From 11–18 June 2010, poets from across the world – from Afghanistan to the United States, from Brazil to South Korea, from Sudan to Russia – gathered to attend the 41st annual Poetry International Festival in the City Theatre of Rotterdam, The Netherlands. Prominent Hazara journalist, human rights activist and writer Kamran Mir Hazar was one of guest poets. He read some of his poetries and had several discussions about poetry, Afghanistan literature and relationship of poetry and novel.
Here is Kamran Mir Hazar’s biography written Dutch poet Johnny Cheung:
Kamran Mir Hazar
Kamran Mir Hazar is a prominent Hazara journalist, human rights activist and writer who now lives with his wife and one-year-old daughter in Hønefoss, Norway, where he also works. He has set up two much-read websites: the news site www.kabulpress.org and the more literary-focused www.rahapen.org.
Mir Hazar’s criticism of the general treatment of Afghan refugees meant that his first poetry collection was prevented from being published in 1995 by the Iranian censorship board. In 1999, he wrote an open letter to the UN, UNESCO and UNICEF in which he described the fate of numerous Afghan men, women and children, and which was signed by 330 Afghan and Iranian intellectuals. It was not warmly received by the regime. Mir Hazar’s most recent book, Censorship in Afghanistan, has recently been published by Norway’s IP Plans e-Books. It is the first book to explore the systematic suppression of free speech in Afghanistan, which has been a feature of its ruling authorities for hundreds of years.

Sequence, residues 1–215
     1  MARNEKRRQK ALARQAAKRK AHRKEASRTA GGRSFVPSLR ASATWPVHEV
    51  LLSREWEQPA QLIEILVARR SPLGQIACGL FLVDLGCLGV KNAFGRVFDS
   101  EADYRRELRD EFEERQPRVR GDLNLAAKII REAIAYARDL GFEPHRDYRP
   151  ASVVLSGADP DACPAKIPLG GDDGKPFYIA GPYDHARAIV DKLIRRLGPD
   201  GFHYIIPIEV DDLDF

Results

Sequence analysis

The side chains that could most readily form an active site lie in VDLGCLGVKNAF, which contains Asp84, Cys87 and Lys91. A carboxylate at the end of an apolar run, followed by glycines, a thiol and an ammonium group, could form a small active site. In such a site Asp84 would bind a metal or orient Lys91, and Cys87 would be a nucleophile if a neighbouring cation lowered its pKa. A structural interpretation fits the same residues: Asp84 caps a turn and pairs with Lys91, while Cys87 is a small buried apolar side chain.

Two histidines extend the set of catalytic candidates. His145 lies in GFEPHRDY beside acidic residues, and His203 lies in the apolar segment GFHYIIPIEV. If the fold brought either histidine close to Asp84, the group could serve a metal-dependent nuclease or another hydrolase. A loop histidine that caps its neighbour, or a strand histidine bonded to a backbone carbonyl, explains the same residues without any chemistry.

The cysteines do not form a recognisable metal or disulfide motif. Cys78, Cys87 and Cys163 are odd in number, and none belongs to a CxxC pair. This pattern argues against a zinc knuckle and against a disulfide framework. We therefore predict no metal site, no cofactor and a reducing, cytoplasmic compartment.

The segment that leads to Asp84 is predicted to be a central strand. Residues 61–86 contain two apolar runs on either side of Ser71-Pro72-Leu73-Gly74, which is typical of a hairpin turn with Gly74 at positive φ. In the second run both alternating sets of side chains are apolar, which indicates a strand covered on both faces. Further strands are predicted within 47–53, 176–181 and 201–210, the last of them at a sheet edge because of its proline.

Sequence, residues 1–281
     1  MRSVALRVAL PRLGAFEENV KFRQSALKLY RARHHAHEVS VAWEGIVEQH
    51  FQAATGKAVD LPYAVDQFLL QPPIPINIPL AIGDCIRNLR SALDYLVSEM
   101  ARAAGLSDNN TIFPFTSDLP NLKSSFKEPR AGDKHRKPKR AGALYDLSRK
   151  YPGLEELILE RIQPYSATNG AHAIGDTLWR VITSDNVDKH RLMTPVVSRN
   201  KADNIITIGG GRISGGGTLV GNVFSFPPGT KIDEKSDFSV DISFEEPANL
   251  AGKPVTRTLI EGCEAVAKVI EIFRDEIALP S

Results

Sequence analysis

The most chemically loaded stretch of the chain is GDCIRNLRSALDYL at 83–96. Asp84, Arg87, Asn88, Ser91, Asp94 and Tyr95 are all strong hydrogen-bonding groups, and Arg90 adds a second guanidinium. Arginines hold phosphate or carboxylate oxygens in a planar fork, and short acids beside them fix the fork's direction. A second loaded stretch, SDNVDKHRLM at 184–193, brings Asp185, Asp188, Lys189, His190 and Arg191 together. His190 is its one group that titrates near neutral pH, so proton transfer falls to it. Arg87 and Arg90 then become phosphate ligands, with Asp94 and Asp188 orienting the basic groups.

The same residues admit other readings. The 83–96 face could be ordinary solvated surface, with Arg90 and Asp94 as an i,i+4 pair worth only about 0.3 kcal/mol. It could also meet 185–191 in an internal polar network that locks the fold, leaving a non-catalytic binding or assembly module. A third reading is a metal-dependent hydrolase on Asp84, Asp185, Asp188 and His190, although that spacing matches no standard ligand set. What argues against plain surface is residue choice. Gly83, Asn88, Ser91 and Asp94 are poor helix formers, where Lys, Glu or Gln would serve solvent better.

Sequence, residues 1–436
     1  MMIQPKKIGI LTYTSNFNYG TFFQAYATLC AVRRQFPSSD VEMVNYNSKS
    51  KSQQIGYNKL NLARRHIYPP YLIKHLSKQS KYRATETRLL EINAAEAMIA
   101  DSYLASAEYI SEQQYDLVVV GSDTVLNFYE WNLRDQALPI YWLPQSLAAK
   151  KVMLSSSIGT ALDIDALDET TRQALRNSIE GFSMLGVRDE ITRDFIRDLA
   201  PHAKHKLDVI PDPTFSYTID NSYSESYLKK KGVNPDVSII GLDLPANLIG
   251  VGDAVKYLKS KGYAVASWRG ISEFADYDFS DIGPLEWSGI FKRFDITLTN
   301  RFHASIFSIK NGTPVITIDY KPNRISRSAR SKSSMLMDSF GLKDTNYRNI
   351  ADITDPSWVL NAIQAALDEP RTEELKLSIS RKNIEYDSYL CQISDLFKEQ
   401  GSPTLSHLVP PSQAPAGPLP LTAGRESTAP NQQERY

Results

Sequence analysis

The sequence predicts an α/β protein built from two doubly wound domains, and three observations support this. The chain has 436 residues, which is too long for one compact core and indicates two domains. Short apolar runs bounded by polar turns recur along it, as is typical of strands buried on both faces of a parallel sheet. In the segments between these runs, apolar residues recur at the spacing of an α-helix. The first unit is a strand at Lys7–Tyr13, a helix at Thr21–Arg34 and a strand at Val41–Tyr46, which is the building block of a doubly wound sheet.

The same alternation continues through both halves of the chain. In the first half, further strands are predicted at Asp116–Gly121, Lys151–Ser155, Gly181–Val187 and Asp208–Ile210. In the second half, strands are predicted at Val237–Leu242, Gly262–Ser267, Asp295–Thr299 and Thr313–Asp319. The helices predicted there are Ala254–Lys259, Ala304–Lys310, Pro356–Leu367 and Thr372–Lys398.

In 2004, Mir Hazar returned to Afghanistan, where he set up a critical literary magazine. A few weeks later the publication was banned. He then became news editor and reporter of two Kabul radio stations, Kelid (Key) and Salâm Watandâr (Greetings Fellow Countryman!) His continued fight against Hamid Karzai’s increasingly repressive regime has been supported by the International Federation of Journalists (IFJ), Reporters sans Frontières and the Committee to Protect Journalists (CPJ). His clashes with the authorities have deeply affected Mir Hazar; he has compared the appalling conditions in the local prisons with Guantanamo and later described them in a series of five poems entitled Viroes-e nevesjtan (Writing Virus). After his release, Mir Hazar feared for his own safety and his journalistic projects and decided to leave his country for good. After travelling to India, and with the UNHCR’s intervention, he ended up in Norway.
He has won various awards for his work and critical reporting, including a Hellman/ Hammett grant from American Human Rights Watch in 2008.